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          • #6
            Betty3, in all my years, I've never heard of this being referred to as "on call" before; in any case, it's not "on call" as far as the FLSA is concerned.
            I don't respond to Private Messages unless the moderator specifically refers you to me for that purpose. Thank you.

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            • #7
              Other than one reference, truthfully, I haven't either. The info in my binder is written by employment lawyers (that might explain it ) & HR experienced personnel.

              If I could have brought up your link, I wouldn't have used the one I did that is a link on "on call." However, it did mention that OP's time would have to be payable (engaged to wait) - it explained when you are engaged to wait. I probably should just have skipped a link & went with my post only. I don't call it "on call" either but just used that link due to its explanations re payable time.

              Anyway, in my opinion, time should be payable.
              Too often we underestimate the power of a touch, a smile, a kind word, a listening ear, an honest compliment, or the smallest act of caring, all of which have the potential to turn a life around. Leo Buscaglia

              Live in peace with animals. Animals bring love to our hearts and warmth to our souls.

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              • #8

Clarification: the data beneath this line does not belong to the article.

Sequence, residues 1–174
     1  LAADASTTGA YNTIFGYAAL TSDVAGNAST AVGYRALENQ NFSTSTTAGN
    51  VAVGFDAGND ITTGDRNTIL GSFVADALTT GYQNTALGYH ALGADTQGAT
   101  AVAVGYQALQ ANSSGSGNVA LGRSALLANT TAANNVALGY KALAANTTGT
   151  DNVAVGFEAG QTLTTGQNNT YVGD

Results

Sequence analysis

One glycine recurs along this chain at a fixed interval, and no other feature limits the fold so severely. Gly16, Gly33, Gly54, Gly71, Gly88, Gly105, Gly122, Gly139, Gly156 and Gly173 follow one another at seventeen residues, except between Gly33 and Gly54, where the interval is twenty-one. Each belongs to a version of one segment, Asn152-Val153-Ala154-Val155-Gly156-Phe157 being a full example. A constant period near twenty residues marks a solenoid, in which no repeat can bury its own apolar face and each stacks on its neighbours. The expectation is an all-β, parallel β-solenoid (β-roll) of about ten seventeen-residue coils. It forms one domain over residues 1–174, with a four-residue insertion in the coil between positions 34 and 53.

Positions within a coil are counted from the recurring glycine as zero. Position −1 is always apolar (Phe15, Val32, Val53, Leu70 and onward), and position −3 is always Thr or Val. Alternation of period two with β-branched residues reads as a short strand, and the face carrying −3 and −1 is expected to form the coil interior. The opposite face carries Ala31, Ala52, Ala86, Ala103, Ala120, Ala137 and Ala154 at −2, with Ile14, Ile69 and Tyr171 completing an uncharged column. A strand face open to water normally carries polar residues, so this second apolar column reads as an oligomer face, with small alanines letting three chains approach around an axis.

Agreed, and Patty has the right regulation cited. More importantly, FLSA is a 1938 law, and the 1944 Skidmore v. Swift court decision basically nailed down the related rules in this area. The cited regulation basically is a response to that court decision, not the other way around. This is VERY well established law, and Skidmore is about as well known a FLSA court decision as there is. Pretty much any court decision on hours worked tends to cite Skidmore.

                The feds have an "on call" regulation but that is a different regulation. The entire 29 CFR 785 "part" is worth reading because collectively it is the rules for determining what are hours worked.

                From the regulation Patty cited, the following is all taken pretty much as is from Skidmore:

                In either event the employee is unable to use the time effectively for his own purposes. It belongs to and is controlled by the employer. In all of these cases waiting is an integral part of the job. The employee is engaged to wait.
                "Reality is that which, when you stop believing in it, doesn't go away".
                Philip K. **** (1928-1982)

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                • #9
                  I agree with you & Patty - I sure wish I wouldn't have used that link & just went with my post.
                  Too often we underestimate the power of a touch, a smile, a kind word, a listening ear, an honest compliment, or the smallest act of caring, all of which have the potential to turn a life around. Leo Buscaglia

                  Live in peace with animals. Animals bring love to our hearts and warmth to our souls.

                  Comment